I wrote this poem after a walk along Sandymount Strand in Dublin. The baths, built in 1883 were abandoned in 1920 but still exist as a concrete structure on the beach. It struck me how something so revered at one time can suddenly be abandoned and I wanted to put myself in its place and this poem is the result.
I read it out last week as part of the launch of The Poetry Bus (Issue 4).
Monolith of Sandymount
Beneath cumulus is home
moored to a gold expanse
purple fronds coating my outsides
amongst barnacles that cling tight.
Pleasure was my architect,
to cup children in watery innards
rock to their laughter and
part where they fell.
Nearly a century has passed
a victim of others caresses;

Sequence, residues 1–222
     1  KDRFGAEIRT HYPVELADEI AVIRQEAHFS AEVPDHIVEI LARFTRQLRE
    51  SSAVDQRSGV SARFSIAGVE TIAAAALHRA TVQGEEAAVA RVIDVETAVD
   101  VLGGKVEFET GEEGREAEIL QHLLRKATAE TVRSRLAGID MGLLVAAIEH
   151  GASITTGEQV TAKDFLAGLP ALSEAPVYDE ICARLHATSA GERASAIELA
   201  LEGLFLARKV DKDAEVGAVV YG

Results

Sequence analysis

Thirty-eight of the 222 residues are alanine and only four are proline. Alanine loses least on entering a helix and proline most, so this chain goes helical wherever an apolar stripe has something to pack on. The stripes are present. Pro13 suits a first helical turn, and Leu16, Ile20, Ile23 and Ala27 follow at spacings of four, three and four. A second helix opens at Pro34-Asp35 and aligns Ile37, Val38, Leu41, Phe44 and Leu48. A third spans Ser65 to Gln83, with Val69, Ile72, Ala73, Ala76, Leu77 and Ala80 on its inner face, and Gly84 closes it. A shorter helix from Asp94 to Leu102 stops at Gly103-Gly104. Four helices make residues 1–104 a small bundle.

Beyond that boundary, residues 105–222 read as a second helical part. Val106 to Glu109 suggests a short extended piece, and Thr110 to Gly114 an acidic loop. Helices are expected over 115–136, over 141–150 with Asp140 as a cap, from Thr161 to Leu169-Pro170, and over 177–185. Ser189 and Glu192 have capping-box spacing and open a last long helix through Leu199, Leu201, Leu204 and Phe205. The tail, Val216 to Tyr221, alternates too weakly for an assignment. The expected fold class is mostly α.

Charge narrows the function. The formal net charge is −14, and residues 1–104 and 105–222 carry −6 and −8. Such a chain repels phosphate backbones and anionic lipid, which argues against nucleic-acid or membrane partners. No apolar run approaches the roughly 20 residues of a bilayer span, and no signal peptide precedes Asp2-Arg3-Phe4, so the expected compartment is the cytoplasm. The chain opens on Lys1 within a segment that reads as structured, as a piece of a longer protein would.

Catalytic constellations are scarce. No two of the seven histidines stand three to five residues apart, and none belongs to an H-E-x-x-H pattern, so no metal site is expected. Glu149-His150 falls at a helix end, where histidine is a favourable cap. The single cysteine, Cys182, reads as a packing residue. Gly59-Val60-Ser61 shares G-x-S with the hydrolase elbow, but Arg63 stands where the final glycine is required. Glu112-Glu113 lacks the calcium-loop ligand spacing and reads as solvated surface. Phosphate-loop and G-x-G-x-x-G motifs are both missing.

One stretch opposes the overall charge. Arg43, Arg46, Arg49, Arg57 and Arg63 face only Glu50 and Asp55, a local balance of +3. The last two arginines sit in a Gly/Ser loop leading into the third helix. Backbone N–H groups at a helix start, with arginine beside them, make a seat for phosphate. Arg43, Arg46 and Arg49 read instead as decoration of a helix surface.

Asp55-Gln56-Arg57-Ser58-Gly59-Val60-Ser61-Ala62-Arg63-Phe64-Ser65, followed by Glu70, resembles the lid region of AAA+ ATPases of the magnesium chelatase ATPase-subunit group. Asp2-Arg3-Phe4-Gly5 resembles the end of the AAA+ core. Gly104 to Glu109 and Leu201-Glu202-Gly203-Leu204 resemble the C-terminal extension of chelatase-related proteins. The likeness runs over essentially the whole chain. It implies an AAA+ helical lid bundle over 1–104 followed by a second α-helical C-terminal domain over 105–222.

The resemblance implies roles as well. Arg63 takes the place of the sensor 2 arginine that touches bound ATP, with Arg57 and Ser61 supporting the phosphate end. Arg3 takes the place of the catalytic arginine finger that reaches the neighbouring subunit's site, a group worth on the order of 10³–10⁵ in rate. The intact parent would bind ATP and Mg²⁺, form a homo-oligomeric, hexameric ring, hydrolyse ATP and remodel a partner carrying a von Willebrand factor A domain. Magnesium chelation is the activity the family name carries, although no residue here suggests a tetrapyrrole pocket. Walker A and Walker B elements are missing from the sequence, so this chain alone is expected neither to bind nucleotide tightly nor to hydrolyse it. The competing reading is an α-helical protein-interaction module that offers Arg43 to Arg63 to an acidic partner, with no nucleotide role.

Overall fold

a stroke, a spray of colour and calligraphy
from signatories that never return.
Like them my beloved is fickle
bestowing frothy caresses when it suits,
retreating when day returns as if
embarrassed of the night before.
Birds taunt me with their soars
while crabs dance unashamedly
their clicks and cackles
wound as cracks.
The city loves me though,
envelops me in outstretched arms
cranes and spires stretching upwards
needling the sky.
I await the crumble to
wrench granite legs and
join my love at the horizon
plummet to her cerulean depths.